Trostle said some countries will increase production and become exporters of feedstocks and perhaps biofuel. These countries include the Ukraine, Russia, Romania, Bulgaria, Indonesia, Malaysia, Brazil and Argentina. Other countries, such as the EU and Korea, will become importers of feed stocks and/or biofuels.
Here’s more on biofuel production in six countries:
USDA first called attention to increasing importance of biofuel in the United States four years ago. At that time, USDA projected that the amount of U.S. corn used for ethanol production would be about 1 billion bushels by 2012. USDA raised those projections in 2004 and 2005. In 2006, the projections rose sharply because of the impact of the energy policy of 2005. Then USDA again raised projections in 2007.
Brazil has long been a major ethanol producer, with most of its production coming from sugarcane rather than grains. Brazil’s biodiesel production is small compared to ethanol. However production is expected to nearly double in the next few years with much of the new capacity occurring in the central west soybean production area. The biodiesel produced here will substitute for regular diesel fuel that has to be trucked in long distances from the coast to the interior.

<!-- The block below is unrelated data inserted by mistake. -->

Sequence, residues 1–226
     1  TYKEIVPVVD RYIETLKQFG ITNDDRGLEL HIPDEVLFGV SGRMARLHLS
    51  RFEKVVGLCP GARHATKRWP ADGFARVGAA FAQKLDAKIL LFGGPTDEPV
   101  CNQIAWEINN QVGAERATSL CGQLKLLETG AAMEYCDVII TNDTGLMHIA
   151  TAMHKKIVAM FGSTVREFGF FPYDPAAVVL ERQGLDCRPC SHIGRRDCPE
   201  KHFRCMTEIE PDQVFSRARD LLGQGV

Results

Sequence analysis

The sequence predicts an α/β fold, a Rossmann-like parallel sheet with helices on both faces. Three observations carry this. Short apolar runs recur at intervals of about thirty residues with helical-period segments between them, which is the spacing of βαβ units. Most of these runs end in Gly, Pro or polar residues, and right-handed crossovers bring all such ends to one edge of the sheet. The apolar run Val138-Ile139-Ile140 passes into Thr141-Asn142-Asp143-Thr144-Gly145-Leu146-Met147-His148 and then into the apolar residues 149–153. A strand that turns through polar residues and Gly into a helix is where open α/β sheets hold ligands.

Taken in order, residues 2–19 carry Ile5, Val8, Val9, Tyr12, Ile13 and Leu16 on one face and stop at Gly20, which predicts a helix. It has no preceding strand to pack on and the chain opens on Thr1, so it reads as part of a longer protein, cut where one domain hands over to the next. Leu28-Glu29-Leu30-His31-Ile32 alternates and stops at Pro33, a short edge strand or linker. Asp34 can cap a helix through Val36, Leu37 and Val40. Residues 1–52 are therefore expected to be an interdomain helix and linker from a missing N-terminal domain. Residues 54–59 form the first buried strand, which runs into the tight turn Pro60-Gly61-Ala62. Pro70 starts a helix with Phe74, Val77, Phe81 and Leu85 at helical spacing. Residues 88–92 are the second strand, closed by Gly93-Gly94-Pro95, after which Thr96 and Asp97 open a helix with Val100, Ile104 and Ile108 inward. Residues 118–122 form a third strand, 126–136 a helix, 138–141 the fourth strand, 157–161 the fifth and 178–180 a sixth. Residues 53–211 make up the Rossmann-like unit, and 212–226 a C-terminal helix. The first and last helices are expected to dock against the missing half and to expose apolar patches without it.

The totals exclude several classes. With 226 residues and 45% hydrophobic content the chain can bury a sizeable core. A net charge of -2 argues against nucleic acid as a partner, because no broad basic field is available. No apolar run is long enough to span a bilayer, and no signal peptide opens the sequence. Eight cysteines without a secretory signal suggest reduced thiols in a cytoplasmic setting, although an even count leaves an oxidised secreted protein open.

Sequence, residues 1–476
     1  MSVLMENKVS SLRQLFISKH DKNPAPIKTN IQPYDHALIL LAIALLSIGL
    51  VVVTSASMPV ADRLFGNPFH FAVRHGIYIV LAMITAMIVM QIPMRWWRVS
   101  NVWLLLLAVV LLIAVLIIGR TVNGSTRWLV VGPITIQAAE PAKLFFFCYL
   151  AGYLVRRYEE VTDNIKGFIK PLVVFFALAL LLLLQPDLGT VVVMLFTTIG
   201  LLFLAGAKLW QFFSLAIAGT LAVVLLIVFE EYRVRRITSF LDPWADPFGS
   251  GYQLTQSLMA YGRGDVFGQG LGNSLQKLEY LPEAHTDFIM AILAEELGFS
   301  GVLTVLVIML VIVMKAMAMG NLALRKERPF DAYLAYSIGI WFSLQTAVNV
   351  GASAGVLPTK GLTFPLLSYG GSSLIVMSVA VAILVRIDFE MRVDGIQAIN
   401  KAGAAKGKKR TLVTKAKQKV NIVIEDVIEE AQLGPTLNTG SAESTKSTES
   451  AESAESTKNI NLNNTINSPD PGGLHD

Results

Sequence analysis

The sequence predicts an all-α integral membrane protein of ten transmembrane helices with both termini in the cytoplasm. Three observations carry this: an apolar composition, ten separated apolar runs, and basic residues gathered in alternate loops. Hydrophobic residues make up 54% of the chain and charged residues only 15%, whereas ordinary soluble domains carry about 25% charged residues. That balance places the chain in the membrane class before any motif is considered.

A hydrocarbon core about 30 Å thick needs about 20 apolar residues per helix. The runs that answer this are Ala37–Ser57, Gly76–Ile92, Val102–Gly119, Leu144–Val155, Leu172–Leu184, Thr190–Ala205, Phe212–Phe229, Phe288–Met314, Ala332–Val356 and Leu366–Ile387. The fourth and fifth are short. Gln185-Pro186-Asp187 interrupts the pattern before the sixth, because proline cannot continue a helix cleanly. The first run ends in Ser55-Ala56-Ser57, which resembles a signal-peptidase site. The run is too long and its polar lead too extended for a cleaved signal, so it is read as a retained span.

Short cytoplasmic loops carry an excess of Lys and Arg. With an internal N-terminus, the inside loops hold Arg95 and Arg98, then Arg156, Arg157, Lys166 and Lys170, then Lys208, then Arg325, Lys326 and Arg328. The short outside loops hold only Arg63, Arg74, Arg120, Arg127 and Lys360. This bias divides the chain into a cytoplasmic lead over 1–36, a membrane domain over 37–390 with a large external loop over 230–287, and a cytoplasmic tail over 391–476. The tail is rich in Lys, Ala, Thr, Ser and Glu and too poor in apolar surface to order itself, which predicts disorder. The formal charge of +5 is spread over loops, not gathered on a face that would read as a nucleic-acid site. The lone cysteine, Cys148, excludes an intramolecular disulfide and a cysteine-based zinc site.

In Brazil, sugarcane for ethanol and soybeans for biodiesel do not compete with cropland because they are generally planted in different areas of the country.
USDA assumes in its study that the EU will not achieve its target to derive 5.75 percent of its fuel from biodiesel by 2010. “In fact, we don’t believe it will have achieved that target by 2016 because of the increase in total diesel fuel use.”
Rapeseed oil makes up 80 percent of feedstock for biodiesel in the EU. The area planted to rapeseed and production capacity both are expected to increase sharply. In addition, the EU is projected to increase rapeseed oil imports. It also will increase palm oil imports from Southeast Asia and some biodiesel made from palm oil in Southeast Asia.